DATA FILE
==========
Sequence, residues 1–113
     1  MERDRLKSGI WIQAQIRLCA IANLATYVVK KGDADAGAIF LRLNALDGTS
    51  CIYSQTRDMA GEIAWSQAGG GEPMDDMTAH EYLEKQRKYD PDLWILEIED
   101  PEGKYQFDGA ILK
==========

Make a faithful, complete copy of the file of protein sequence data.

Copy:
Sequence, residues 1–113
     1  MERDRLKSGI WIQAQIRLCA IANLATYVVK KGDADAGAIF LRLNALDGTS
    51  CIYSQTRDMA GEIAWSQAGG GEPMDDMTAH EYLEKQRKYD PDLWILEIED
   101  PEGKYQFDGA ILK